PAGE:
13 (funny) reasons you know your child has Sensory Processing Disorder (SPD) (originally posted in part by Shut UP)

If you have a child with Sensory Processing Disorder (SPD) you can relate to what www.shutupabout.com wrote about SPD. Their post titled, “Top 13 Reasons You Know You’re Raising a Child with Sensory Issues.” At the top they hit it off with a bang, and it’s something all of us SPD mommies can identify with. It says, “Please excuse my excited mood. My sensory kid ate a new food!” Their post continues with some laughable signs that your child may have sensory issues. The following is from Shut Up with a few additions from our life with SPD:

#13) You don’t care if you end up in prison for cutting pillow tags.

#12) You wonder if the reason Rapunzel’s hair was so long was because she screamed at the hairdresser and her mother couldn’t take it.

#11) You seek out children with buzz cuts as playmates for your child because he doesn’t understand that hair pulling feels bad to most people.

#10) Putting on your child’s seatbelt counts as your daily cardio.

#9) Your child wears jogging pants to his First Communion.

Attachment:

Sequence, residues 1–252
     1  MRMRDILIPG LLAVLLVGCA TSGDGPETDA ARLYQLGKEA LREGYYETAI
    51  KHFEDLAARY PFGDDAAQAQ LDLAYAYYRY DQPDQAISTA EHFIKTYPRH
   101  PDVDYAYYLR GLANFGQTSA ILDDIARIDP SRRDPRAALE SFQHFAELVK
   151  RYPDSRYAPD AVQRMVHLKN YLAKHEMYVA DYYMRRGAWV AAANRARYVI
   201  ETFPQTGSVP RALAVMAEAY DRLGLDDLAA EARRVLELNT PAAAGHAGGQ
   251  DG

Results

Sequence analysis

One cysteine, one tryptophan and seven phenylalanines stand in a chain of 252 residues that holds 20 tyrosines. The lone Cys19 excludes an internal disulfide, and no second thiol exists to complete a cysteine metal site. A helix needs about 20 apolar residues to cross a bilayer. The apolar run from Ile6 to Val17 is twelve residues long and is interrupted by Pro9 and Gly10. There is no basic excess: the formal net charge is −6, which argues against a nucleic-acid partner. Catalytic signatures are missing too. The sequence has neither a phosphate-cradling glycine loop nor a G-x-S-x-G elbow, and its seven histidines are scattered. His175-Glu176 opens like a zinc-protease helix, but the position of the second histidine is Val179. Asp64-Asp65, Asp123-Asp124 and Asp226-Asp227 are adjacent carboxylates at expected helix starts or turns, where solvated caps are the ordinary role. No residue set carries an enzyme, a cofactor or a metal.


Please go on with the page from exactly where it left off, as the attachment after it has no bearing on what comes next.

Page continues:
#8) You equate Disney World with Hell.

#7) When your child is missing and the first place you look is on top of your refrigerator. (In our case, outside on the trampoline.)

#6) Your son tells you the bug he ate was really crispy.

#5) You generously tip your child’s hairdresser — with Prozac.

#4) Your child goes to sleep with sweatpants, ski pants, snowmobile suit, and  a full backpack and it’s the middle of summer. (In our case our son is naked any time of year.)

#3) You carry ear protection meant for the shooting range in your diaper bag.

#2) You don’t care if your child looks like Edward Scisscorhands because you hate cutting their nails.

#1) You’re worried more about the sound of the fire alarm than the actual fire.


Yes, our life is filled with adventure, and this is only a small portion of the fun we have. I hope you got a laugh out of this. Be sure to take a look at my post, Sensory Processing Disorder #2 (does your child have sensory issues?), where I give specific advice on how to help your kiddos.

Another great resource is from Not Alone. They give ideas for sensory activities on their Pinterest page: Sensory Activities. And if you’re looking for more information and help with SPD, they have additional resources on their Pinterest page: SPD: Sensory Processing Disorder.

Check out these sensory related posts:
Sensory Processing Disorder #1 (what it is)
Sensory Processing Disorder #2 (does your child have sensory issues?)
new scientific evidence for Sensory Processing Disorder

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